PolitiFact, which is part of a new group that will help Facebook flag “disputed” stories, last year rated as “Mostly False” a claim that the U.S. funded an election effort in Israel via the nonprofit One Voice aimed at defeating Prime Minister Benjamin Netanyahu.
(Article by Aaron Klein, republished from BreitBart.com)
PolitiFact left out of its declaration on One Voice that Craig Newmark, the founder of Craigslist who lists himself as an adviser and donor to PolitiFact, documents on his personal website that he has been “helping out” One Voice, where he writes he also serves as an adviser. 
Also missing from PolitiFact’s rating about the One Voice claim is that One Voice is partnered with Google, which also happens to be a donor to the Poynter Institute for Media Studies, which owns the Tampa Bay Times. PolitiFact is a project of the Tampa Bay Times. [2, 3, 4, 5]
A senate investigation in July concluded that the State Department did not do anything illegal in funding One Voice to the tune of nearly $350,000 in 2013, but that the infrastructure created by One Voice at the time of the State Department financing could have been used last year in the anti-Netanyahu campaign.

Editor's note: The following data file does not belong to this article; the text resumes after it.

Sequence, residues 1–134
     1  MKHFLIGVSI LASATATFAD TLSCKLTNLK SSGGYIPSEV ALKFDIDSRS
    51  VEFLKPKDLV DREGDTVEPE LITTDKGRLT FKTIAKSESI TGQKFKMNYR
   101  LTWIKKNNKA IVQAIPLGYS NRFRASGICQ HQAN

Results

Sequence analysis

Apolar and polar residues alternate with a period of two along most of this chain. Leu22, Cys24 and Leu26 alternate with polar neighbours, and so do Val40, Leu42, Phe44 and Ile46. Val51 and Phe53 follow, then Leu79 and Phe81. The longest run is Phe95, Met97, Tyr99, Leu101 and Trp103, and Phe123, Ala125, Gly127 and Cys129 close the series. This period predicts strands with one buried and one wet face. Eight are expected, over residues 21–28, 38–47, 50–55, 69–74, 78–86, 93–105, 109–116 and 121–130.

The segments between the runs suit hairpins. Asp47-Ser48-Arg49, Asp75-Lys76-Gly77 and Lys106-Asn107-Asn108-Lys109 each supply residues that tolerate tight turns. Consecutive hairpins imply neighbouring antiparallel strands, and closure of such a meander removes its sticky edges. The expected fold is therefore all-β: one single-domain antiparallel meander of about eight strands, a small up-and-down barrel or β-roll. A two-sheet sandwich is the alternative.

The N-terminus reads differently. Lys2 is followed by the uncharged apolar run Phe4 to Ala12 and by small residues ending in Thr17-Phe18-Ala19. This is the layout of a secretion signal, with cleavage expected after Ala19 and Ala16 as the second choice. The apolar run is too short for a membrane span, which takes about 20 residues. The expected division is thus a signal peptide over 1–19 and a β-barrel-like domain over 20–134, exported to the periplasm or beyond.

While PolitiFact noted that its March 25, 2015 “Mostly False” designation “may change as more evidence comes to light,” it did rely largely on One Voice’s word on the matter while failing to note the ties between PolitiFact and the partners of One Voice.
Aaron Sharockman, PolitiFact’s executive director, responded to a Breitbart News request about why the relationships with Newmark were not mentioned in the article about One Voice.
“Craig Newmark is one of many people who have supported PolitiFact’s independent journalism over the past nine years,” Sharockman wrote in an email statement. “Contributors donate to PolitiFact knowing they have no say over what we fact-check, or how we rate a claim. The first time contributors see a fact-check is when it’s published.”
Sharockman did not respond as of this publication to a follow up email request for comment about why PolitiFact left out the ties between Google, PolitiFact and One Voice.